The misogynistic gumshoe, whose misgivings about women are sadly justified by the end of a hard-boiled detective novel, is a relic of a time when Los Angeles was still teetering between the lawlessness of the Old West and the seediness of urban living. Just because, though, Walter Neff and Samuel Spade seem out of place in contemporary crime fiction, doesn't mean that noir is a genre of the past — women writers are starting to take control of noir, replacing cynical insurance salesmen and boozy private detectives with female anti-heroes from the trenches of society — prostitutes, gang-members, and porn stars.
The Guardian chronicles the rise of the female protagonist in contemporary noir, crediting authors from Americans such as Megan Abbott, Gillian Flynn and Christa Faust, to British authors like Cathi Unsworth, Dreda Say Mitchell and Joolz Denby. Under this new generation of female authors, the women populating noir's back alleys and smoky offices aren't strictly victims or femmes fatale — they're fully-fledged (insofar as any character in noir or hard-boiled fiction is "fully-fledged") characters with talents for solving or inciting sordid crimes. Books like Flynn's Gone Girl (heeeeeeyy, book club) and Unsworth's latest seaside noir/fucked up teenage friendship story Weirdo are inverting some of noir's most recognizable gender relationships, and, in so doing, breathing fresh air into a genre that, quite frankly smells like it's been smoking too many Parliaments.
What's cool about noir (and this really true about any genre book/movie/entertainment medium I have not mentioned (marionette shows?)) is that simple changes, i.e. switching genders, moving a crime from downtown L.A. to a suburban high school, can make the genre seem fresh while at the same time maintaining the genre's most essential characteristic — predictability. Reading within a genre — any genre, really — means that you expect a certain kind and number of things to happen. Let's say somebody has to get impaled gruesomely in a horror book, or in erotica someone's torso needs to be unwrapped like a leftover hamburger bursting free from its cellophane.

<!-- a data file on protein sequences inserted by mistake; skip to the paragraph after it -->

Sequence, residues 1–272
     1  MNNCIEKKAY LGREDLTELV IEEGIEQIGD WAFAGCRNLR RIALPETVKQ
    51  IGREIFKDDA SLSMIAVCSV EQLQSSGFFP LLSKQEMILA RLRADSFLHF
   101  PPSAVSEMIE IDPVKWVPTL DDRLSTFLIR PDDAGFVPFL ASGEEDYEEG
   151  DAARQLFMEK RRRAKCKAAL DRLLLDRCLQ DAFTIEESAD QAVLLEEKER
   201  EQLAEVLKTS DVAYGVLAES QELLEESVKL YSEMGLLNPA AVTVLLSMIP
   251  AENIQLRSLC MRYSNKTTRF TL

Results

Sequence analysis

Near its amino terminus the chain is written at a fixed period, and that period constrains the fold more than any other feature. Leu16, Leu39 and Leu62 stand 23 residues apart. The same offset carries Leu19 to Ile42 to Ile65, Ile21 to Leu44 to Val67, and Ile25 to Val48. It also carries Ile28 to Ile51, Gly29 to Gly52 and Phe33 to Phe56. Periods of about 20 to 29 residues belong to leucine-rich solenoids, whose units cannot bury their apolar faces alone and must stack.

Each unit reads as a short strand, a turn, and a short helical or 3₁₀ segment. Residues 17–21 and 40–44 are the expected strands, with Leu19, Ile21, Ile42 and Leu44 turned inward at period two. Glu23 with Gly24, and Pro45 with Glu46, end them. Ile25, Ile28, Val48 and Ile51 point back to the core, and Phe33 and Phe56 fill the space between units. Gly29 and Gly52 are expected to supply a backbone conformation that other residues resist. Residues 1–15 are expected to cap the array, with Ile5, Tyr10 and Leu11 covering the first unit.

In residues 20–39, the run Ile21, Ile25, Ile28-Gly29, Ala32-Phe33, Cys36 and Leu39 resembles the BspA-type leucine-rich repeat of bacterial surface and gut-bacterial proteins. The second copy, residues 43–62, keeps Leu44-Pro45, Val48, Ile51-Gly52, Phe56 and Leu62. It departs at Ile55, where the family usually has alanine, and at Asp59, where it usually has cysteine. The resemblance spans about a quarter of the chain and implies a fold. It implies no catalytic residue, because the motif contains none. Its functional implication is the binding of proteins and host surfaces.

It's not just enough for these things to happen, though, as if they were being ticked off a checklist — all the old plots and twists need to feel fresh and exciting, which is why putting women in the protagonistic driver's seat suddenly gives noir a fresh angle. Unsworth, who's been called the "Queen of Noir," thinks it's important to "have female voices" in noir, since it offers readers (and authors) a new way to see what are essentially recycled (blah blah, no plots are original, blah blah) plots. Still, says Unsworth, women who write noir are often pressured to push their crime fiction more into the mainstream:
Women crime writers are still pigeonholed. There's definitely more pressure on women to write a series character, essentially to write mainstream crime. Publishers will often say that male readers don't like women writing noir, although I've found that's not actually the case.
With the success of books like Gone Girl, it seems that readers, at least, are willing put a little more emphasis on the merits of the actual story, and a little less on the sex organs languishing between the legs of its overtaxed author. Besides, how many more times can anyone read about some asshole private detective who's such a raging woman-hater that he can't even tell when he's being outwitted by one?
Queens of noir [Guardian]